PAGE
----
The world's first wiki where authorship really matters (Nature Genetics, 2008). Due credit and reputation for authors. Imagine a global collaborative knowledge base for original thoughts. Search thousands of articles and collaborate with scientists around the globe.

wikigene or wiki gene protein drug chemical gene disease author authorship tracking collaborative publishing evolutionary knowledge reputation system wiki2.0 global collaboration genes proteins drugs chemicals diseases compound
Hoffmann, R. A wiki for the life sciences where authorship matters. Nature Genetics (2008)

The temporal integration of the aldosterone secretory response to angiotensin occurs via two intracellular pathways.

Angiotensin II (AII) regulates the secretion of aldosterone from adrenal glomerulosa cells by a calcium-dependent mechanism which involves both the uptake of calcium from the extracellular pool, and the release of calcium from a dantrolene-sensitive intracellular pool. In the present study, it was shown that AII induces the rapid (10 s) hydrolysis of phosphatidylinositol 4-phosphate and -4,5-bisphosphate, leading to the sustained production of inositol bis- and trisphosphate (Ins-P3), and diacylglycerol rich in arachidonic acid. Saponin-permeabilized glomerulosa cells accumulate calcium into a nonmitochondrial pool by an ATP-dependent manner. Ins-P3 (0.5-5 microM) induces a release of Ca2+ from this pool. This release was blocked by dantrolene (10 microM). Adrenal glomerulosa cells were shown to contain the calcium-activated, phospholipid-dependent protein kinase (C-kinase). Perfusion of glomerulosa cells with combined 12-O-tetradecanoyl phorbol 13-acetate and A23187 induced an immediately developing, sustained, maximal secretory response similar to that induced by AII. These data are interpreted in terms of a model in which, after AII addition, there is a flow of information through two separate branches of the calcium messenger system, each with its unique temporal role: a calmodulin branch activated by the transient rise in the [Ca2+] in the cell cytosol, which is largely responsible for the initial transient cellular response; and a C-kinase branch activated by the increase in both cytosolic [Ca2+] and the diacylglycerol content of the plasma membrane, which is largely responsible for the sustained phase of the cellular response. The temporal integration of these two phases underlies the observed pattern of cellular response.[1]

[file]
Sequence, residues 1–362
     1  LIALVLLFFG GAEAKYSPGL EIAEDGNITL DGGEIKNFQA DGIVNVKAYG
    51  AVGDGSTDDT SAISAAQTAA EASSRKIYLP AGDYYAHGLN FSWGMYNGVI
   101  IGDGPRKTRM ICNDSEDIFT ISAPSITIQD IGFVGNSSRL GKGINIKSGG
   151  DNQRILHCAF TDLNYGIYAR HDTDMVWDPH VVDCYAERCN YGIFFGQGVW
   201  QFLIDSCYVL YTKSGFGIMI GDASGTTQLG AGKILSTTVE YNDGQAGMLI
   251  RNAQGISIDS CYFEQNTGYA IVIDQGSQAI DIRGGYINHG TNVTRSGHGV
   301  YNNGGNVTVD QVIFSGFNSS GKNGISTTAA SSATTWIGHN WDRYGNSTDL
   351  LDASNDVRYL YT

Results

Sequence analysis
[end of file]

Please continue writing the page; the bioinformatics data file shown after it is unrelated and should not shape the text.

WikiGenes - Universities